Harvard Experiment Fund, Backed by NEA, Joins Crowded Investor Field
There’s a new player in the seed-stage investment game in Boston. As of this week, the Experiment Fund is open for business at Harvard University, backed by the Silicon Valley venture firm New Enterprise Associates (NEA). The startup investment fund is being hosted by Harvard’s School of Engineering and Applied Sciences in Cambridge, MA.
The new fund is led by Hugo Van Vuuren (see photo above), a Harvard graduate student and entrepreneur, and two venture capitalists from NEA, Patrick Chung and Harry Weller (both Harvard alums). David Edwards, a Harvard professor of biomedical engineering, serves as an advisor to the fund. Van Vuuren and NEA did not respond to requests for comment in time for this article.
The basic structure of the Experiment Fund is that selected startups—mostly student-led teams from Cambridge—will receive up to $250,000 in seed funding over the next two years, presumably in exchange for a sizable equity stake in the companies. The fund is based out of Harvard but says it will operate independently of the university and will look at teams from other local schools—and, more broadly, from the East Coast. The sectors targeted are pretty broad as well; they include information technology, healthcare, and energy.
No word yet on the size of the fund or how many companies it will invest in. But Van Vuuren, a recent fellow at Harvard’s Berkman Center for Internet and Society, said in a press release that he and his partners are looking for “smart and resourceful people, zealous full-time teams, and experiments in need of seed funding and hands-on help to get off the ground.”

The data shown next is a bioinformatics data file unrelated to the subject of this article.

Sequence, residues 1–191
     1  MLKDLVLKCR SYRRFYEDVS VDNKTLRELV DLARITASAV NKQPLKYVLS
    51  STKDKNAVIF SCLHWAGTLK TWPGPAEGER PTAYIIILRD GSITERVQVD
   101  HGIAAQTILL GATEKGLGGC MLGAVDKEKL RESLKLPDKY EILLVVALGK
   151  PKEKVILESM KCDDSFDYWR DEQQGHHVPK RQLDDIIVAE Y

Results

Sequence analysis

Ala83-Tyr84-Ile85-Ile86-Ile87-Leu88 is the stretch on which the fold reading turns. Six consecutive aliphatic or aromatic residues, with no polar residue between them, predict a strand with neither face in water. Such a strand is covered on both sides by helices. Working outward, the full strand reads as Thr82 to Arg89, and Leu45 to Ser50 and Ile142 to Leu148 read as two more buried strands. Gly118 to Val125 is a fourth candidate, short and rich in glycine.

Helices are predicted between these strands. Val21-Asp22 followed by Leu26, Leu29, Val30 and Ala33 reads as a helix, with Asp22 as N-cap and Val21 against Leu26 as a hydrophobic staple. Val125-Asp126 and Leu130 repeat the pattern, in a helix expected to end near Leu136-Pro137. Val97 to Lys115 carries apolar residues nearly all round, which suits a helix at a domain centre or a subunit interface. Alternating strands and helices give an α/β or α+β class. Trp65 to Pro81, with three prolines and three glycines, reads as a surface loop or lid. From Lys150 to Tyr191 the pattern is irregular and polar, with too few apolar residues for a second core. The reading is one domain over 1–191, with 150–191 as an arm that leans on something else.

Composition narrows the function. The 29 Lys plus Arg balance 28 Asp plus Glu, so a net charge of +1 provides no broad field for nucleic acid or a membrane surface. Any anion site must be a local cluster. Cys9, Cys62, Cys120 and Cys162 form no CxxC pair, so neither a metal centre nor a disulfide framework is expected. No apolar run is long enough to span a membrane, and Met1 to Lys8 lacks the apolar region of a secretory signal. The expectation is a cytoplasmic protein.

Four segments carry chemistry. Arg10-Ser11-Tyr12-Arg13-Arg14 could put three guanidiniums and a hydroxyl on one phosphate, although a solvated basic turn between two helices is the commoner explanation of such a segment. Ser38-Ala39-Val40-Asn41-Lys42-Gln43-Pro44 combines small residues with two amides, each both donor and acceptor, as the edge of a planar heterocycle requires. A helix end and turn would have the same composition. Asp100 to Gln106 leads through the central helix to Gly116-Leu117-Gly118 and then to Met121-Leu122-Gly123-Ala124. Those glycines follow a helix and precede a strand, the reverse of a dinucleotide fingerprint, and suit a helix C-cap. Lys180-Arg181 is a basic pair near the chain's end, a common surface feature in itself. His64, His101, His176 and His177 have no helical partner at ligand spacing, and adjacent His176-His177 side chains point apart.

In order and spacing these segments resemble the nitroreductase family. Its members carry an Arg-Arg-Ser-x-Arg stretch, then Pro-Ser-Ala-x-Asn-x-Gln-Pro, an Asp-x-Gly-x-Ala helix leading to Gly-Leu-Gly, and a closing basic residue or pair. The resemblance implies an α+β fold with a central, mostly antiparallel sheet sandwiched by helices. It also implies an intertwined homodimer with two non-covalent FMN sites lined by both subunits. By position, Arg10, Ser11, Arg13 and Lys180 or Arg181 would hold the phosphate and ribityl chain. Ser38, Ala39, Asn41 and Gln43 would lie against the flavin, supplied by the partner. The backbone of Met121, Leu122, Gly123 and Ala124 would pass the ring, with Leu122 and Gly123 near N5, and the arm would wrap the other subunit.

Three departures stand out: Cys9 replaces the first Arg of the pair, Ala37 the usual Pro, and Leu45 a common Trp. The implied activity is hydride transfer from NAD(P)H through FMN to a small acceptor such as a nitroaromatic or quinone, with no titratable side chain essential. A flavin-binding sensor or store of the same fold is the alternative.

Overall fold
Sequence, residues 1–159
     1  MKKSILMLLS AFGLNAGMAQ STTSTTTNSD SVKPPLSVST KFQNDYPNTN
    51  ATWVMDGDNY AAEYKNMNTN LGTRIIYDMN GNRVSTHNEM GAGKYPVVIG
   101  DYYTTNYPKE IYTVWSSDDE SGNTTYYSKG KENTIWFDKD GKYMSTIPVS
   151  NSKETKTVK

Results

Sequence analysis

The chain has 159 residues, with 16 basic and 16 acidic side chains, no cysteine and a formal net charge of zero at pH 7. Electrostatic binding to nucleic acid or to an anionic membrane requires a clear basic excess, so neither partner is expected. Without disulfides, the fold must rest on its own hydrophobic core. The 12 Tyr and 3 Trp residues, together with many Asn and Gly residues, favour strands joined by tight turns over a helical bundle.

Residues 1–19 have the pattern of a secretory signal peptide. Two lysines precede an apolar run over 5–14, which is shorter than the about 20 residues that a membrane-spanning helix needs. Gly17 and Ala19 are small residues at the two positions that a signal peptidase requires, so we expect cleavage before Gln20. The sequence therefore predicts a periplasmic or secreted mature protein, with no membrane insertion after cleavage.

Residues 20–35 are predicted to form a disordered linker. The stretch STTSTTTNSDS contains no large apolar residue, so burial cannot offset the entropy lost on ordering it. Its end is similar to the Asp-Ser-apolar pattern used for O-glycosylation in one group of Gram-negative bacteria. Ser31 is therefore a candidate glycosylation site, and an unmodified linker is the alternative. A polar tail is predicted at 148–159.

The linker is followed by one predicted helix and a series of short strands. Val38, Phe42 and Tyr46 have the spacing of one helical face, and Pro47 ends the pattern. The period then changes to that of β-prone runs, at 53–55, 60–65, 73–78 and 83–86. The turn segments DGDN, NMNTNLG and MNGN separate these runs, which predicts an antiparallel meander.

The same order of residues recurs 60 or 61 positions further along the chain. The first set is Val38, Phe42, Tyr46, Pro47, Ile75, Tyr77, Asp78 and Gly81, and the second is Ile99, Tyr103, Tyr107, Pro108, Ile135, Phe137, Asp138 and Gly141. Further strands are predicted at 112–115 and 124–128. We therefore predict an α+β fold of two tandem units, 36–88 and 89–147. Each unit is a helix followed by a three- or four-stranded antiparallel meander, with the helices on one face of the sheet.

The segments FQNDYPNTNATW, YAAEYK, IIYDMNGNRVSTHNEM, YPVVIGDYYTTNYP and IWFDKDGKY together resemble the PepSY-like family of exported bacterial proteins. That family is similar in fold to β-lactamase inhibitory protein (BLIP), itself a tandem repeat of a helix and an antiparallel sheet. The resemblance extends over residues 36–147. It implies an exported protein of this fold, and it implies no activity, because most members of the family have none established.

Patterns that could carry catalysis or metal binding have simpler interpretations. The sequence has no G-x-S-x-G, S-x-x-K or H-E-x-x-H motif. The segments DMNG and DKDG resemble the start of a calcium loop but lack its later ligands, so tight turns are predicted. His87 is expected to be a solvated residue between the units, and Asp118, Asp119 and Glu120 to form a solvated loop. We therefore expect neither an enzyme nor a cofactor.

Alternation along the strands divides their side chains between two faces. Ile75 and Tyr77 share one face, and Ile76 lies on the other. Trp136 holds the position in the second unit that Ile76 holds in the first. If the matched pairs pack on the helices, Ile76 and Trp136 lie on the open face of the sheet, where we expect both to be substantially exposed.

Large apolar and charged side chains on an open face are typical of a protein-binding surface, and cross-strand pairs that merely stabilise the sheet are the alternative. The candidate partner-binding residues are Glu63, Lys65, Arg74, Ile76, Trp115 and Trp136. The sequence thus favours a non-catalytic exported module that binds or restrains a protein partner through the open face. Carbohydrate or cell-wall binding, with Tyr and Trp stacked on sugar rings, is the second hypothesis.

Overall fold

Not to beat a dead Zuckerberg, but the overarching goal here is to keep the next Facebook in Boston—and, preferably, affiliated with Harvard. “It’s continued growth of the ecosystem for Harvard and beyond,” says Gordon Jones, director of the Harvard Innovation Lab, which is collaborating with the Experiment Fund to provide office space and resources, but is separate from the new fund. Jones calls the Experiment Fund “extremely complementary” to the i-Lab.
One of the first Harvard teams to receive an investment from the fund is Tivli, a TV-in-the-cloud startup led by Harvard students Nick Krasney and Tuan Ho. The company has grown from two guys to a team of about eight people since September, Jones says.
Despite a fair amount of initial press coverage, several Boston-area angel investors and VCs I talked to had not heard much about the Experiment Fund. That raises questions of whether the program is seen as insular to Harvard or NEA, and how much impact it will really have on the overall startup ecosystem around Boston.
The Wall Street Journal reports that the fund (and Harvard) is looking to work with other VC firms—in particular, a Boston-based firm—to be a strong partner in mentoring local startups. The program is a bit unusual in that it is affiliated with a particular university, and its main backing is from a venture firm outside the area. Of course, plenty of universities have programs to support student entrepreneurs and connect them with early-stage investors; and VCs and angel investors are increasingly trying to build relationships with young entrepreneurs.
Local seed-stage accelerator programs like TechStars and MassChallenge, and incubators like Dogpatch Labs, have a base of support from local and national venture firms, but are not tied to a specific university. Nor are micro-VC and angel funds like NextView Ventures, Founder Collective, Project 11, Boston Seed Capital, or CommonAngels affiliated with particular schools.
“Overall I think the more seed funding in Boston, the better,” says Jeff Glass, a managing director at Bain Capital Ventures, which is not involved with the Experiment Fund. For its part, BCV just raised a new $600 million venture fund, its largest to date.
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